Also, nothing you’ve said here deals with my five points. You’re kind of proving them.

      Reply
  2. Jane Eyre

    I love your point about focusing on the dynamics. That takes away the focus on “maaaaaybe she should have done this” or “maaaybe he meant something different.” If someone is walking on eggshells, physically ill from mental stress, or feel that s/he cannot express an opinion, that is a terrifying dynamic.
    Moving right along: people talk about “fight or flight.” This is wrong. “Freeze” and “feign death” are also psychological responses. In the context of rape, a woman who knows that she will be overpowered either way may choose to play dead (for lack of a better term), which will result in less physical trauma to her vagina or fewer punches and body blows. It’s still a horrific and violent act, but her body may try to avoid even worse.
    Dissociation happens involuntarily. Placating can be involuntary; it’s learned, but it’s not something you even know you did until after it happened.

    Reply
    • Sheila Wray Gregoire

      Very true, Jane! Fight, flight, freeze or fawn. It’s not always fight or flight at all!
      In regards to what you said about dynamics–I’ve heard from so many women who have left abusive relationships, and have had health problems all of a sudden clear up. Chronic back pain, wounds that won’t heal, chronic pain, arthritis, irritable bowel syndrome, migraines–so many things that disappeared overnight. We’re learning so much more about how our body does carry stress. It is very harmful.

      Reply
  3. NL

    I never understood why people took that story so badly. Good grief, teens do a lot of dumb things teasing each other. That is not a reason to react in rage or public humiliation. Where’s a sense of perspective?
    I have experienced rage directed at myself and at others in my family, and even if there is some fault, rage is never an appropriate response. Rage is demeaning and dehumanizing, regardless. And it tastes like hate.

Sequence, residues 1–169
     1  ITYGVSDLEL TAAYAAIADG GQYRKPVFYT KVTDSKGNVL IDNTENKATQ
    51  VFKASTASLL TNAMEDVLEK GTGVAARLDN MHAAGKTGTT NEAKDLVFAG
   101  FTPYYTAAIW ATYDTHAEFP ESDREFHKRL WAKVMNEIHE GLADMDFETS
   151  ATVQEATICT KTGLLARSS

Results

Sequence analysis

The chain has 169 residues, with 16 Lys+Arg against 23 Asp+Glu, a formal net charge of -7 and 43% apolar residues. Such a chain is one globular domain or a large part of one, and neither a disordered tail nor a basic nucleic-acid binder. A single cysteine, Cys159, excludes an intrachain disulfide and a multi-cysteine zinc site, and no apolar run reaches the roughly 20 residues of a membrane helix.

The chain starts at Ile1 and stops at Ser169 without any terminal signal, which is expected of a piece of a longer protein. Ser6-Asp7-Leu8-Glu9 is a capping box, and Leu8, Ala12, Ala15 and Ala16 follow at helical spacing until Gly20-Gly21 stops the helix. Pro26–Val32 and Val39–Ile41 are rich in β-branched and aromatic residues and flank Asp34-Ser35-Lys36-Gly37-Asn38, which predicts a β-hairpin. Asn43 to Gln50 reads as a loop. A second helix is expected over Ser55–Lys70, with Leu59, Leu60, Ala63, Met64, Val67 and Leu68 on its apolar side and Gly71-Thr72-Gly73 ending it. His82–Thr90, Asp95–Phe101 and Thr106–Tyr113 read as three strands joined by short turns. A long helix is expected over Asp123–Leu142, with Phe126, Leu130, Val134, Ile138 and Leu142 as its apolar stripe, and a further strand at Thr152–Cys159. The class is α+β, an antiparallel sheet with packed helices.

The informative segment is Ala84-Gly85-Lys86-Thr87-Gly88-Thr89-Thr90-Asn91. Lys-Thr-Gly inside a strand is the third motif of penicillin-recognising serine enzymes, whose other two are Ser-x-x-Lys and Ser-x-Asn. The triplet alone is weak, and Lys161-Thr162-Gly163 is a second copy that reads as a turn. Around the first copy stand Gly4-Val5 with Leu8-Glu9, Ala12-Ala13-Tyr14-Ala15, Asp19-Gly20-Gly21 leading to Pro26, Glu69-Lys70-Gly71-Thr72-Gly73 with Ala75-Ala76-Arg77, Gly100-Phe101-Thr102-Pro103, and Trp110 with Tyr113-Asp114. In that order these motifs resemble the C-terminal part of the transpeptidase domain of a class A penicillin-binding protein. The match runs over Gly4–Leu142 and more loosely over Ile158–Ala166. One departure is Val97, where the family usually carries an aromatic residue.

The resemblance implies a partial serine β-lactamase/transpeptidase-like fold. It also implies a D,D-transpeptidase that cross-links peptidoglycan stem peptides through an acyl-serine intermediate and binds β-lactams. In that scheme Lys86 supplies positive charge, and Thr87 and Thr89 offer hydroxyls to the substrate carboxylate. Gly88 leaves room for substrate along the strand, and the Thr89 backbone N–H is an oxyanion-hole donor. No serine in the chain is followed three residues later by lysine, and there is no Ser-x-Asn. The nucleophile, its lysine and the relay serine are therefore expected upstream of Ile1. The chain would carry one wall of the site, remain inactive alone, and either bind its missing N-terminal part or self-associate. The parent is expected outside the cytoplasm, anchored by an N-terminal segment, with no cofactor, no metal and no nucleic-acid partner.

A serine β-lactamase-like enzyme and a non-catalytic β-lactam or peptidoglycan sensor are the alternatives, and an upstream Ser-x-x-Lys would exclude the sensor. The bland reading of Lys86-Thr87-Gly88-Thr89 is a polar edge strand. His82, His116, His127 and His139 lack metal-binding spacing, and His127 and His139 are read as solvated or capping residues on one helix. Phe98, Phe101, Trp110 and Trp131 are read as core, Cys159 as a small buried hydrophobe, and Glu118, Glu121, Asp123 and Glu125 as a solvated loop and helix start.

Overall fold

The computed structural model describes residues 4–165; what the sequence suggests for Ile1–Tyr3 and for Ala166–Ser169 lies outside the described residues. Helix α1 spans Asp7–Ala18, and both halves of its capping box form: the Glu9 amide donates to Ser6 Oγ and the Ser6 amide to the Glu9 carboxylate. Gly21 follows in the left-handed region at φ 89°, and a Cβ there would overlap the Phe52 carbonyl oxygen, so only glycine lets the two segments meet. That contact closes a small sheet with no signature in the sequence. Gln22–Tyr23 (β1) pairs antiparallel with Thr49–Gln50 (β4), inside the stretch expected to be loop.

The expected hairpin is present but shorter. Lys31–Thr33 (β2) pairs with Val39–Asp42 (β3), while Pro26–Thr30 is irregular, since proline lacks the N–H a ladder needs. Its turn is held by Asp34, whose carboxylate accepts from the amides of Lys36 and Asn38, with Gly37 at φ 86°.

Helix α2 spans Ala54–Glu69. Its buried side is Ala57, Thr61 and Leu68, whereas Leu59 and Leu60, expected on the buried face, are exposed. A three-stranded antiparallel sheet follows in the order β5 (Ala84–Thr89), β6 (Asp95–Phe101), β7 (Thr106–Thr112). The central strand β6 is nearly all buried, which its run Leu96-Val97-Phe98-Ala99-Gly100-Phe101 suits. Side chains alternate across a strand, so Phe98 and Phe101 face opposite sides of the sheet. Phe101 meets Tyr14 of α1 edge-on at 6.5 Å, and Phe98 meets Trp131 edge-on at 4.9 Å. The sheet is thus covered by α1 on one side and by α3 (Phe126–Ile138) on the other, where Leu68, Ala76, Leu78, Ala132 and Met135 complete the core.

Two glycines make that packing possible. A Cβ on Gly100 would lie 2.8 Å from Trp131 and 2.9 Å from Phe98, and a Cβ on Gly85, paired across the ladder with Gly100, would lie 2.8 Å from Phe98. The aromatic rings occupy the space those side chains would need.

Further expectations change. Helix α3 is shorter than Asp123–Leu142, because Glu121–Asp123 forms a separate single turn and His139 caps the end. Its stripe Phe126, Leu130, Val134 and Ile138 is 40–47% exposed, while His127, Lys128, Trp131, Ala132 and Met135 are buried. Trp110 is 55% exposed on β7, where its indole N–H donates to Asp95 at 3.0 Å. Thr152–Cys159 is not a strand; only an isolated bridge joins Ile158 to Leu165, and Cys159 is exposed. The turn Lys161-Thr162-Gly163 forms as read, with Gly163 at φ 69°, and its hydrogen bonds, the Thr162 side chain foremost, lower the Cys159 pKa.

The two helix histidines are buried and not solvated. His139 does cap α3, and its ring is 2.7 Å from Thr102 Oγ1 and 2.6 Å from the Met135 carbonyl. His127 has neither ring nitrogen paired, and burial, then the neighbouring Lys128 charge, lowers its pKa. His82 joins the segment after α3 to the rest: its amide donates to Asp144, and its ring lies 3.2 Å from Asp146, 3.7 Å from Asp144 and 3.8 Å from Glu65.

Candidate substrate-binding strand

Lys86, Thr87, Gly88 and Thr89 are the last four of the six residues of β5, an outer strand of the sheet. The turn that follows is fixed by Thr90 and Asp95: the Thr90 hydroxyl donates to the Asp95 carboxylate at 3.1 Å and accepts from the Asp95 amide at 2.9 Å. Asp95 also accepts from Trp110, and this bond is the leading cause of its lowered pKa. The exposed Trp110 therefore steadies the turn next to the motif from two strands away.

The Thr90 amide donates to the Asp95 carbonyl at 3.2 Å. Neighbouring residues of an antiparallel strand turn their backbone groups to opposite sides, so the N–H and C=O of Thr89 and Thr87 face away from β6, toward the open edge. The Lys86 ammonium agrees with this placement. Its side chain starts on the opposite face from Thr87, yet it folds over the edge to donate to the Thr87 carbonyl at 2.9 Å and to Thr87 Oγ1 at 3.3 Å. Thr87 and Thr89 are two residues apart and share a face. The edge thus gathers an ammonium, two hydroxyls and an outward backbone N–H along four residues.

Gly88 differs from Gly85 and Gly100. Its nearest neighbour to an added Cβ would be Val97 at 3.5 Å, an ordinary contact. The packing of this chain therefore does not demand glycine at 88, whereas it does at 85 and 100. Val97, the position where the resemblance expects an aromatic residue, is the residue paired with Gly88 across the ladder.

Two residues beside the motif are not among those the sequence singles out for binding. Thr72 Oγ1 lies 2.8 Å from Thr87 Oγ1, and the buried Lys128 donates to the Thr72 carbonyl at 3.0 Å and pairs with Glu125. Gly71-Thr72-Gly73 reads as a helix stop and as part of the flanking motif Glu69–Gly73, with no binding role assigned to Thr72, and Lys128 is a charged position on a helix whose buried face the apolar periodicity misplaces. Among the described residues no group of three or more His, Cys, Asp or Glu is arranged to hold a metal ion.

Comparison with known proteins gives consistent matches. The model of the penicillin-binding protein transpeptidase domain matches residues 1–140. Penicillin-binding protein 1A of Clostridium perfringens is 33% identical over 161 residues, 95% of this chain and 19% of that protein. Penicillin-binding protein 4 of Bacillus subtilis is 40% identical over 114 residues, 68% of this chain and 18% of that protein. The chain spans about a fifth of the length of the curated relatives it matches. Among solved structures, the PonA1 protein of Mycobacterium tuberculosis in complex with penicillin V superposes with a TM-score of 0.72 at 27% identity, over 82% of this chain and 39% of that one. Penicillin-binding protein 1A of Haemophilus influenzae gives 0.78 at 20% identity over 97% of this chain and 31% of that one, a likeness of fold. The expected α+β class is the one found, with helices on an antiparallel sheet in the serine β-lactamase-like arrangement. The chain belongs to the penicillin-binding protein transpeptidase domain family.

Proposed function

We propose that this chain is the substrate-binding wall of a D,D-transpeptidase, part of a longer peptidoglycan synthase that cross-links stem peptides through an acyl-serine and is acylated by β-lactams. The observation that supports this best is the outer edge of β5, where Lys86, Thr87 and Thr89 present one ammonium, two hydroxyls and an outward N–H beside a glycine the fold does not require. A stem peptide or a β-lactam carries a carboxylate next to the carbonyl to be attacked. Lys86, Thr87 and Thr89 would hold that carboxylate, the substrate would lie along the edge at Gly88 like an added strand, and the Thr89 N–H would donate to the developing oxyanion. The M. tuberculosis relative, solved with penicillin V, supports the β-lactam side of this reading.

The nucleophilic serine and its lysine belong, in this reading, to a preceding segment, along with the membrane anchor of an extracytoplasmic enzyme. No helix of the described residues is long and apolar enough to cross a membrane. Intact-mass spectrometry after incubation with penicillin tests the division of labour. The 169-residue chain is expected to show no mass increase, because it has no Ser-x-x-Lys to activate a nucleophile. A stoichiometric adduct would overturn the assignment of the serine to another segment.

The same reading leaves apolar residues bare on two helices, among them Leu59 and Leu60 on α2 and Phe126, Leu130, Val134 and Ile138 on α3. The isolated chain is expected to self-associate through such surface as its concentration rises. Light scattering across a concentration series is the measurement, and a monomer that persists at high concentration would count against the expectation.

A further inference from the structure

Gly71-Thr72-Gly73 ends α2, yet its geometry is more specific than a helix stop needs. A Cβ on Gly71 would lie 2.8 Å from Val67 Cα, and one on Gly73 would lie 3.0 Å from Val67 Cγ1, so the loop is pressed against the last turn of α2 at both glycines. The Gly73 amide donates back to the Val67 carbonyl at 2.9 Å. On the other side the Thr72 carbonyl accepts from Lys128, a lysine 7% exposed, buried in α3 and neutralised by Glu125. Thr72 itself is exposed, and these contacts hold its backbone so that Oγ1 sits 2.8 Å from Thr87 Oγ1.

Don’t we deal with this in kids? “I don’t care if she put her foot on your side of the car-stuck her tongue out at you-didn’t give you a turn-you still don’t get get to hit-pinch-call her names, etc.” I mean, honestly!

    Reply
  4. Ylva

    Hi Sheila,
    I really really appreciated this podcast! I became a Christian while being in an abusive relationship (thankfully unmarried). And I was just like these women you mentioned – I devoured every Christian relationship book, bible study… because maybe I could be the one to help him find God, see what he was doing wrong and marry me (cause that’s what he was supposed to do)! All the purity messages did their fair share, afer all, I had given him a part of me and now no good Christian man would want me anyway, so maybe my purpose was really showing Christlike love and submission to this man. If, if only, he would marry me!
    I felt that if Christians would have preferred me marrying him over breaking up and waiting for someone better. Which sounds ridiculous to even my own ears now, but then, abuse really changes the way you think. I would even read your blog on spousal abuse and think… oh, but I don’t have that abuse and it’s my fault anyway that I am living in sin.
    But, well, I eventually broke free to land the arms of yet another abuser, this time a “good Christian guy”. Thankfully, I noticed that sooner and then I spoke up about it – which led to me losing a ton of friends and being called to be like Satan for “tainting his testimony”.
    Anyway, I am just super thankful for voices like yours because these teachings can be really dangerous. It makes me so sad to see how the church of all places is failing victims of abuse so often.

    Reply
    • Sheila Wray Gregoire

      oh, Ylva, I’m so sorry that you’ve gone through all of that! But I’m so glad that you didn’t marry either of them. Sounds like you escaped something quite awful.
      But I’m also sorry that the Christian circles you were in were so unhealthy. Increasingly I’m realizing this is quite common, and so I have a challenge to issue to some of my readers: Many of us stay in churches that give extremely unhealthy advice about marriage (and other things) because it’s not hurting us personally (maybe you’re in a good marriage) and you enjoy the people, and you don’t just want to leave your community. I get that. But remember–by supporting this unhealthy church while you yourself are healthy, you tell other people, “Look! Healthy people go there!” So they don’t understand that the church might be unhealthy.
      And then, as you volunteer and give money and are just generally a great person, you grow that church and keep its ministry going, so that it will attract people like Ylva. And then people like Ylva will hear what Ylva heard.
      What would happen if those of us who were healthy decided not to support things that weren’t healthy anymore? What would happen if we found churches, maybe smaller ones, that were safe places where Jesus was front and center? I bet then the smaller churches would become the larger, more influential ones, and the larger ones would wither. There are more healthy people than unhealthy, if our surveys are right, but our churches as a whole are not giving healthy messages. This will only change when we change it.

      Reply
  5. Active Mom